Some people expect lots of collateral damage in the war on Iraq. They are wrong, but let's ignore that a moment. Would this actually be any reason to oppose the war?

Well, if the dead civilians come from immoral leaders ordering schools bombed .... yes, that's something to oppose.

But if it comes as part of the fight, as part of the unavoidable cost to defeating evil, then of course it is no reason to oppose war.

So, what we discover is, this "reason" has no substance. It depends on another claim. And it adds no useful information: we already know to oppose wars by murderous folk, and support wars by the righteous.

So, opposing the war based on too much collateral damage, is just judging the US to be morally bad, combined with hiding one's meaning behind a smokescreen.

Elliot Temple | Permalink | Messages (2)
Anti Theory

Morality is more important than any other concerns. It should come first in our thinking. It should come last in our thinking. And it should dominate over our thinking.

(To avoid confusion, for many issues, like doing science, morality usually just says to use true epistemology and do a good job, or something rather minimal.)

Many people oppose the war. And virtually all of them do not temper this opposition with morality. First, the war is wrong and will be opposed. Then maybe later we can talk about little detailed bits of morality that pale in comparison to The Cause. This leads to the anti-war folk saying anything they can to oppose war, moral or not. And thus they say false things. And dishonest things. And meaningless things. And things that sound catchy. And things they don't understand. And demonstrate no intellectual integrity.

Of course, most of them deny morality exists, and few value anything. Many would claim morality is a matter of opinion, or that it's just a religious idea (as if the source of an idea could make it wrong). Why do I say they value nothing? Well, we know they don't value peace, happiness, liberty, non-violence, or getting their facts right. (Those tortures taking place in Iraq right now sure are peaceful...) They defend the unsuccessful, but I don't think they actually value failure. It's just an easy way to pretend.

Morality first applies to perfectly good people to, in realistically useful ways. Like I want hits. And if that was primary, I might be tempted to lie, or spam, or ... well I don't know, but if I was a bad person I'm sure I'd think of something. And throwing these out because of self-interest (well, if I spam, maybe that will annoy people and I'll get less hits) is not the way to go. Even if that calculation, in the limit, gets the same answers, it'd be wrong to waste that much computing resources on it.

Elliot Temple | Permalink | Messages (5)

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The non-aggression principle (NAP) is one which many libertarians accept, but few can defend. It states that it is wrong to initiate force or threat of force. This is, for situations where it applies, meant to replace a moral analysis.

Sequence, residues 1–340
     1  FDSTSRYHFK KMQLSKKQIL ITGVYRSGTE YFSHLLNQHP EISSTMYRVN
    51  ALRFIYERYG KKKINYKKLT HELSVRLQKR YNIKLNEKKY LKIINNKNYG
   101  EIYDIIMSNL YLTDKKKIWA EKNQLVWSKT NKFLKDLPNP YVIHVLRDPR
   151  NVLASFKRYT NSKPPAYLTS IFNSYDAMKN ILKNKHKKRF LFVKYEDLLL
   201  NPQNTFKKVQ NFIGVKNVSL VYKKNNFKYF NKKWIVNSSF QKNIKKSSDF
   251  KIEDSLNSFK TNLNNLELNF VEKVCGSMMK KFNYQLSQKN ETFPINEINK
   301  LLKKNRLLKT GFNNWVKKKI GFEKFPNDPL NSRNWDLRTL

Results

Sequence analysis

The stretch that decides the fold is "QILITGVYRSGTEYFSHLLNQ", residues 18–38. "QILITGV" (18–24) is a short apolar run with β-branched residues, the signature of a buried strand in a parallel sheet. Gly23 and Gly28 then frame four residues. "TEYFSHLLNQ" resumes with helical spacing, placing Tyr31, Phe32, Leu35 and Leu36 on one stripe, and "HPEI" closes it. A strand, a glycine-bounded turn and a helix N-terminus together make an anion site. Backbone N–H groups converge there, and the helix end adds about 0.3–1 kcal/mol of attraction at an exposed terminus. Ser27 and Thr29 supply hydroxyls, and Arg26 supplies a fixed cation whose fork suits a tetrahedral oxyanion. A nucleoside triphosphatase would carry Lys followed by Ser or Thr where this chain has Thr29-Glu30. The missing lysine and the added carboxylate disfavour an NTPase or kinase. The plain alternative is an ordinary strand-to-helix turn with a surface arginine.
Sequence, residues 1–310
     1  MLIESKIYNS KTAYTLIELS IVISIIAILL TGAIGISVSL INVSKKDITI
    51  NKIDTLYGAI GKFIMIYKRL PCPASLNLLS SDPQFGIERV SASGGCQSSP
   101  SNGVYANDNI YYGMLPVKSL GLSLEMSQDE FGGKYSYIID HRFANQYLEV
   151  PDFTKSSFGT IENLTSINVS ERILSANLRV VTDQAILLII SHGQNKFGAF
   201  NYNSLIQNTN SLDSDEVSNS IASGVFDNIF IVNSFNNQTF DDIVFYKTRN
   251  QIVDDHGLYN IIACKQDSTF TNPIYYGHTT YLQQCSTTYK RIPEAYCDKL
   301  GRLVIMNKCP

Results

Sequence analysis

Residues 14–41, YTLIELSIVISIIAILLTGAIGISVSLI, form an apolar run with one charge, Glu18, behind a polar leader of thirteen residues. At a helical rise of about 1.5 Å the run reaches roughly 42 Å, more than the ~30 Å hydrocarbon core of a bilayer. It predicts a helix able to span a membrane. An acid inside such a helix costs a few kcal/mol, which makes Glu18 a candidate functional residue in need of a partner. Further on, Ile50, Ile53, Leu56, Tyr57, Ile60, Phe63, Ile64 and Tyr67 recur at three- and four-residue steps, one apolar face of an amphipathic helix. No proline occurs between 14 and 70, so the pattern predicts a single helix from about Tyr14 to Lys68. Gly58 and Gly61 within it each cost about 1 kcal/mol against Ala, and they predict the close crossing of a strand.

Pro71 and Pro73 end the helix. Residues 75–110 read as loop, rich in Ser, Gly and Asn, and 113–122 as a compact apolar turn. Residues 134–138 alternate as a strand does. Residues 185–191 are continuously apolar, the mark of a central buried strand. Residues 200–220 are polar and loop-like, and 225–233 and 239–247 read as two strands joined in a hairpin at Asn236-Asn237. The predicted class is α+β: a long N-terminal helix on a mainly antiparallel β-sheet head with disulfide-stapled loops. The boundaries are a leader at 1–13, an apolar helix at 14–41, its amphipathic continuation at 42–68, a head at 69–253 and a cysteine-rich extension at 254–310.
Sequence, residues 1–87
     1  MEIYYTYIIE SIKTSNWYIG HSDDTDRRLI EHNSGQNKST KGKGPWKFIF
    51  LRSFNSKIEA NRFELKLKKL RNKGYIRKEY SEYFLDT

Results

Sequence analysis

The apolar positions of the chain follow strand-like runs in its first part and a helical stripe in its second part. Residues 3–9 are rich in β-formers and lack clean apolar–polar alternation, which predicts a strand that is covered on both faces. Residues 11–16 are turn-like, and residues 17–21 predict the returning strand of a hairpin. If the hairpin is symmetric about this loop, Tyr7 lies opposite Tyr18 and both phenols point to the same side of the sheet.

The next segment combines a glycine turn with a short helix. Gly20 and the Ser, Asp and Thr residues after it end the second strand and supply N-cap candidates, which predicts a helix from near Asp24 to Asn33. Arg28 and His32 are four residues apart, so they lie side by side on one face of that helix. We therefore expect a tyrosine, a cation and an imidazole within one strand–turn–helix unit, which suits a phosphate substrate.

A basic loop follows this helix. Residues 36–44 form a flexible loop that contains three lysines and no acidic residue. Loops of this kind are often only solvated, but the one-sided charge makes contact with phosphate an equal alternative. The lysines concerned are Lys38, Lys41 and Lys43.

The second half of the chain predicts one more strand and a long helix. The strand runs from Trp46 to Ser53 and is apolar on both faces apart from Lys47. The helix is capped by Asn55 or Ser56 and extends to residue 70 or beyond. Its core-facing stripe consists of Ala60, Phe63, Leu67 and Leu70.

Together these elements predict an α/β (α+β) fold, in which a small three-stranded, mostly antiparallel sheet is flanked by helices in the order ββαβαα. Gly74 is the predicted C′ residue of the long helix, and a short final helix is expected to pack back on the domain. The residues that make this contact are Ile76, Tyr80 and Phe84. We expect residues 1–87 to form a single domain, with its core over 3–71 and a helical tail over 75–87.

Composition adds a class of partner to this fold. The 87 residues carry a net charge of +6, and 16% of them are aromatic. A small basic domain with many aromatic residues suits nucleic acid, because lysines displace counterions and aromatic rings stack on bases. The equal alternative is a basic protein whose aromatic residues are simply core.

Morality is knowledge about making choices. It tells us which are right and wrong to make. It tends to be quite complex, and we certainly don't know everything about it.

Now, to assert the NAP requires some argument that, in all situations, the right choice is not to initiate force. Regardless of the details. I've never heard such an argument. Does anyone know it?

(I know some people like the spirit of the NAP, and don't actually pay attention to what it says. I don't think they should support it, but acknowledge they don't need the argument I request.)

And don't tell me the NAP is right because it's self-evident, or I will have to WRITE BIG CAPITAL LETTERS AT YOU. mwahahaha!

Elliot Temple | Permalink | Messages (0)
The concept of minimum necessary force (MNF) is one which many libertarians accept, but few can defend. There is a right amount of force for a situation. In the limit, the minimum right amount, maximum right amount, and right amount are all the same. Not in the limit, MNF means erring on the side of using too little force. But why do that? Why not err on the side of too much force, to be sure we get the job done? Or better yet, not err either way.

And don't tell me MNF is right because it's self-evident, or I will have to WRITE BIG CAPITAL LETTERS AT YOU. mwahahaha!

Elliot Temple | Permalink | Message (1)
Watch this about the peace protests.

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Article about the Nobel Peace Prize

Peace experts say that Americans like Ryan, Nunn or Lugar can probably forget 2003 because Carter won in 2002. The committee increasingly aims for an international scope.

"Two Americans in a row would be too much," said Irwin Abrams, an expert on the prize and professor emeritus at Antioch University, Ohio.

Fucking racists. (among other things)

Elliot Temple | Permalink | Message (1)